THERE is a big divide in the classical world over 23-year-old pianist Lang Lang. Some recoil from his alleged musical liberties and physical eccentricities at the keyboard. Others think he is tonic for an art form often derided as staid and increasingly out of touch with the real world.
In any case, consciously or not, Lang has figured out how to get attention, and he drew a nearly packed crowd into Walt Disney Concert Hall on Tuesday night for a Los Angeles Philharmonic Chamber Music Society concert.
It was a demonstrative crowd too, bursting into applause in the middle of the second movement of the Tchaikovsky Piano Trio and relishing the moment when its young hero exuberantly announced, "This is the first performance of the L.A. Chinese Trio!" (Which was true, since Lang's Philharmonic cohorts were violinist Bing Wang, from Shanghai, and cellist Ben Hong, from Taiwan.)
The choice of the Tchaikovsky trio seemed geared to a star soloist, for within its two giant movements (the second lasts nearly half an hour) lurks a busy, perhaps even dominant, piano part. Yet Lang proved to be a good listener, often subduing his liquid tone while coloring accompanying passages imaginatively.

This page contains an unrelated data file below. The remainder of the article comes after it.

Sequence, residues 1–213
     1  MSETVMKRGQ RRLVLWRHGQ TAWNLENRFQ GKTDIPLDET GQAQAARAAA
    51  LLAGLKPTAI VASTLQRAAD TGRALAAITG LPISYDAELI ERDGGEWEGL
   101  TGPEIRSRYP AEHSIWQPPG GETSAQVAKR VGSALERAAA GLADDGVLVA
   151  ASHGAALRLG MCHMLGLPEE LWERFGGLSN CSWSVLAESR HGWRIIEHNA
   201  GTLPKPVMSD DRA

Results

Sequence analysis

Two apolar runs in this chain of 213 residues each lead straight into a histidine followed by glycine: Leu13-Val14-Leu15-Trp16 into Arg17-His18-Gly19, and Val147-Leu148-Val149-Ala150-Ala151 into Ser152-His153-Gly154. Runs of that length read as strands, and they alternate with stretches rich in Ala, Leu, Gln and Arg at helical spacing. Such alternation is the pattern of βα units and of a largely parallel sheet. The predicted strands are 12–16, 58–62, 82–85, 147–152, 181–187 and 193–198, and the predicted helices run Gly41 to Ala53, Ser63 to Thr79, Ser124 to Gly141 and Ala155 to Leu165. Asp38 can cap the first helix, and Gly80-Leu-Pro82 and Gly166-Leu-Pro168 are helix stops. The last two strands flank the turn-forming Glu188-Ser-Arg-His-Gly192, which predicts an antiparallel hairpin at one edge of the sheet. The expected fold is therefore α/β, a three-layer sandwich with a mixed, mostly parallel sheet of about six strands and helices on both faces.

Wang and Hong hung on tightly, following every pianistic rubato, asserting themselves at the right times. This was a real trio in action. Alas, Lang's feeling for rhythm wasn't very keen -- he glided through the Valse and Mazurka stages with a shapeless legato -- but Wang's incisive playing made up for a lot of that. The three added the second movement of the Mendelssohn D-minor Trio as an encore.
Shostakovich's Quartet No. 14 can be seen as a breather of sorts between the harrowing 13th and the death rattles of the 15th. Yet in the hands of violinists Mark Baranov and Varty Manouelian, violist Hui Liu and cellist Barry Gold, much of Tuesday's performance, particularly the first movement, sounded unfocused and out of balance .
Though Baranov projected the bleakness of the writing well in the work's later stages, the main problem, ultimately, was the hall, which is too large and reverberant for such intimate, inward music.